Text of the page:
OF ALL THE high-tech, luxury-inducing features available in today’s cars, one of the most popular is a 4G LTE connection that can turn any vehicle into a rolling hotspot. After all, consumers are always demanding more from their data. Navigation systems offer increasingly detailed information, backseat entertainment systems pioneer new ways to keep the kids quiet, and with systems like Android Auto and Apple CarPlay, portable devices need to deliver ever more information.
The thing about a 4G connection is that it’s not enough, at least not for much longer. As cars become more and more like living rooms on wheels, they’ll need more and more data. It’s not just the ability to stream Netflix and download videogames while on the move. It’s the ability to download high-def 3-D maps, likely to be crucial for autonomous driving applications. It’s access to real-time weather information and local gas prices. It’s over the air updates that make the car’s software better as it ages.
That’s why Toyota’s over the idea of 4G connections. It thinks that meeting our increasing and insatiable demands, at a reasonable price, in rural areas and developing countries requires a system that doesn’t rely on having a cell phone tower nearby. It needs a system capable of satellite communication, which allows for the transmission of much more data at a lower cost, and can beam data it anywhere on the planet.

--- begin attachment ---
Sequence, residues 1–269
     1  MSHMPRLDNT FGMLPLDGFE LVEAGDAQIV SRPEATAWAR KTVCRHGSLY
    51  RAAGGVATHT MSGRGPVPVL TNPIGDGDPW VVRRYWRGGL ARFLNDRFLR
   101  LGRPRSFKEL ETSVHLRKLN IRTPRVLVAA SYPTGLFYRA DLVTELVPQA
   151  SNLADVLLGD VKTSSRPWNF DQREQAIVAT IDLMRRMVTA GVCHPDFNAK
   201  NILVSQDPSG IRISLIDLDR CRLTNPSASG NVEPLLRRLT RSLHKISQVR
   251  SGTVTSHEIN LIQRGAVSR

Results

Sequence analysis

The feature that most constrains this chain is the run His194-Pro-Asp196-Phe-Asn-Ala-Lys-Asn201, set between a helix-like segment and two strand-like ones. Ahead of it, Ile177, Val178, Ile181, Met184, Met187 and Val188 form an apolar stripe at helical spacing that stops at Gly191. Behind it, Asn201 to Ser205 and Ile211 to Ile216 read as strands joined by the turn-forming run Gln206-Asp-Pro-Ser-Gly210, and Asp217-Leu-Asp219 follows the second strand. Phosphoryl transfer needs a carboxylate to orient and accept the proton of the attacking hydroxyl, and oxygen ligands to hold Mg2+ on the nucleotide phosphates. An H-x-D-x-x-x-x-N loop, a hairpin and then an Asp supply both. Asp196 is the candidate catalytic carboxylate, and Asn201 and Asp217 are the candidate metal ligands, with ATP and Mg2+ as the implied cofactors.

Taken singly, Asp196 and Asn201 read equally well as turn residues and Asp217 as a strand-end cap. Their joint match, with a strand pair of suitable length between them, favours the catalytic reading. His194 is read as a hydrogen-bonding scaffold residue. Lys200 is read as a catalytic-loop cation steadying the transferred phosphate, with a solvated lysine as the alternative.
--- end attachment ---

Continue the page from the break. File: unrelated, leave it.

That’s why the Japanese automaker’s working with Kymeta. The Washington-based communications technology company makes the “mTenna,” a satellite antenna that’s just half an inch thick. The Kymeta antenna is made up of a liquid crystal gap layer between two circuit boards or sheets of glass. It can be electronically reconfigured to point right at the satellite, which means no moving parts and no heavy, very un-aerodynamic dish that needs to swing this way and that as the vehicle it’s on moves around.